Airbnb Inc. found a home for more than $1.5 billion in tourism taxes last year in every U.S. state, the District of Columbia and Puerto Rico, the California-based online marketplace for lodging announced Thursday (March 17).

Despite the limitations placed by the pandemic, Airbnb achieved an 87% increase in tax revenues over 2019, the company said.

The top beneficiaries were Florida, which collected more than $308 million. Tennessee, with more than $92 million, finished second, and North Carolina was third with more than $90 million.

In Canada, Airbnb remitted $54 million in 2021.

Worldwide, travel on Airbnb has generated more than $4 billion in tax revenue and advanced 1,000 regulatory frameworks for short-term rentals, the company added.

Tax collections have become more crucial as municipalities across the nation seek to recover from the financial impact of the pandemic. In addition, cities and towns have embraced the shift in travel that has brought tourists to more communities around the globe.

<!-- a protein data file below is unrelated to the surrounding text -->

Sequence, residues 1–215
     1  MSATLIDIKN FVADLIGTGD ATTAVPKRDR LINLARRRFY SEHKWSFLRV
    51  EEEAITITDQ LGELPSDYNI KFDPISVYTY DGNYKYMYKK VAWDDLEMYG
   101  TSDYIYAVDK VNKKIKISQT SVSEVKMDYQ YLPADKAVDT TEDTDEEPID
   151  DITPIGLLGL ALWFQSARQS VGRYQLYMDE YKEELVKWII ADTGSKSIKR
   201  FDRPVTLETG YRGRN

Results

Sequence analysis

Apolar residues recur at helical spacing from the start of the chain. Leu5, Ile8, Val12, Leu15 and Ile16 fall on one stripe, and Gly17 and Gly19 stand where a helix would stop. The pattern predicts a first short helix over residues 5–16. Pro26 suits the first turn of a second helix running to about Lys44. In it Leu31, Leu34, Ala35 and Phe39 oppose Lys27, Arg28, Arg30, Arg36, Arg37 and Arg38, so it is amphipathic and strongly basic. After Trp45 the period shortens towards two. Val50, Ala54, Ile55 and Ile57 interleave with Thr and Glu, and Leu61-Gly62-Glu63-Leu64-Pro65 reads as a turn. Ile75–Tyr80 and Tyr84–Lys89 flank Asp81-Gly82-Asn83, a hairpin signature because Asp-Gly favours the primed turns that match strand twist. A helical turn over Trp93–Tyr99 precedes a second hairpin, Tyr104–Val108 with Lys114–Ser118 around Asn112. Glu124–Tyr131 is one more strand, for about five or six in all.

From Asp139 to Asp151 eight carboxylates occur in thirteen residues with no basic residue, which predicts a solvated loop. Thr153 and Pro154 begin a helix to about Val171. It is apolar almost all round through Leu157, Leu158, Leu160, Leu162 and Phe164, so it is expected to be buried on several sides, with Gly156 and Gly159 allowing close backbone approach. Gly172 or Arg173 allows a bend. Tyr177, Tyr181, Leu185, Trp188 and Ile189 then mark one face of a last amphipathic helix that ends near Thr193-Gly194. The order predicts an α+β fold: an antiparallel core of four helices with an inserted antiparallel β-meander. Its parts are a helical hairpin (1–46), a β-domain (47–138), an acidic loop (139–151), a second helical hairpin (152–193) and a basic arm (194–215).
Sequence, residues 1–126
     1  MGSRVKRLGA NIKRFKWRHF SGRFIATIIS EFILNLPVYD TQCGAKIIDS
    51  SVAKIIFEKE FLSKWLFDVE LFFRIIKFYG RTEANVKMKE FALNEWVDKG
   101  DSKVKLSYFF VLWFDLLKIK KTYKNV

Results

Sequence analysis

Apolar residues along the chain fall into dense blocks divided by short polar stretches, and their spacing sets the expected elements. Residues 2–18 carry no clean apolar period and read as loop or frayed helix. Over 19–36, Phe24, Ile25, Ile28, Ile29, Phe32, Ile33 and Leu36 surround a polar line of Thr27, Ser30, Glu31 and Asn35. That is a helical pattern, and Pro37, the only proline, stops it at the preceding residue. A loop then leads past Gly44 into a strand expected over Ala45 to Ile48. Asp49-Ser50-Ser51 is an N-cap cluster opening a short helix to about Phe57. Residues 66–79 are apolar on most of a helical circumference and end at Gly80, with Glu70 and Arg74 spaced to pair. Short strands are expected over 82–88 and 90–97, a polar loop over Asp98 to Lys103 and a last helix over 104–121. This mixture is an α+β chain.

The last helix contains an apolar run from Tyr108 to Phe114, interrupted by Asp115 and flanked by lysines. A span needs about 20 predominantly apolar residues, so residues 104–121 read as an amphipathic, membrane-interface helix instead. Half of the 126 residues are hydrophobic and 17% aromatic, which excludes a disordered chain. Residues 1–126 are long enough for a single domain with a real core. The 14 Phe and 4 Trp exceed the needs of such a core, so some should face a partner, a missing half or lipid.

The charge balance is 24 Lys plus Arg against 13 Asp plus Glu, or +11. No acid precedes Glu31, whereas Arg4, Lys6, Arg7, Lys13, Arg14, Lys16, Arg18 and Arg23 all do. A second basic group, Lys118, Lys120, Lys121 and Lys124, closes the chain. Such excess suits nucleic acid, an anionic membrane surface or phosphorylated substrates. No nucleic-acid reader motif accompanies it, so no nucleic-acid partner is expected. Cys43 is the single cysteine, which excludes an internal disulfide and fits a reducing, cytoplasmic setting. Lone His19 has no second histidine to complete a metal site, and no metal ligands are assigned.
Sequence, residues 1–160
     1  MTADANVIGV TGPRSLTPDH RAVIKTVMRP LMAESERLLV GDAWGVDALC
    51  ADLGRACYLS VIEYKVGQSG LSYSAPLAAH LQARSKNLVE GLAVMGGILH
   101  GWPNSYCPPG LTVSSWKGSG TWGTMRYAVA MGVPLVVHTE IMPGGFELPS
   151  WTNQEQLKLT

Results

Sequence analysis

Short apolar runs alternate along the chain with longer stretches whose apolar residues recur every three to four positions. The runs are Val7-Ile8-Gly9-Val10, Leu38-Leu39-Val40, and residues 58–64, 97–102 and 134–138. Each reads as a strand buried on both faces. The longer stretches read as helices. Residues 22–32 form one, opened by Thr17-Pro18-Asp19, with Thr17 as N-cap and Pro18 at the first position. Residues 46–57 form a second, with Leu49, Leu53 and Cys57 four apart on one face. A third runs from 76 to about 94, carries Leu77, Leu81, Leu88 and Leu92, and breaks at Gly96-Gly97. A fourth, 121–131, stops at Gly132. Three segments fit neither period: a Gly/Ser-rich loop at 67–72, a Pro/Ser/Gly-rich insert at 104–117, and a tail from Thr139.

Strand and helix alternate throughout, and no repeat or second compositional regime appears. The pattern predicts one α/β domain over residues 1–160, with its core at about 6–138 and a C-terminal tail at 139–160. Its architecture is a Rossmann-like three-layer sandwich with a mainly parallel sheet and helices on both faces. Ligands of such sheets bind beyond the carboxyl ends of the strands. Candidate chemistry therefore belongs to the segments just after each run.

For years, communities lacked a way to collect taxes on short-term rental platforms. Airbnb said that changed in 2014, when it initiated tax collection agreements with San Francisco and Portland, Oregon. That action signaled to local governments that these tourism taxes were up for grabs.

“Today, we have collected billions of dollars across tens of thousands of jurisdictions, streamlining the process for our host community and making Airbnb, to our knowledge, the largest collector and remitter of such taxes in the world,” Airbnb said in a statement.

This week, Airbnb’s co-founders Brian Chesky, Joseph Gebbia and Nathan Blecharczyk have pledged to match up to $10 million in donations to through March in support of the effort to offer housing to refugees fleeing Ukraine.

See more: Today in FinTech Ukraine: PayPal, Charity Partners Raise Over $250M for Relief Efforts; Lyft Offers Round-Up Donations for Ukraine

So far, 14,000 people in Europe have signed up to share their home with refugees since this program launched on Feb. 28.



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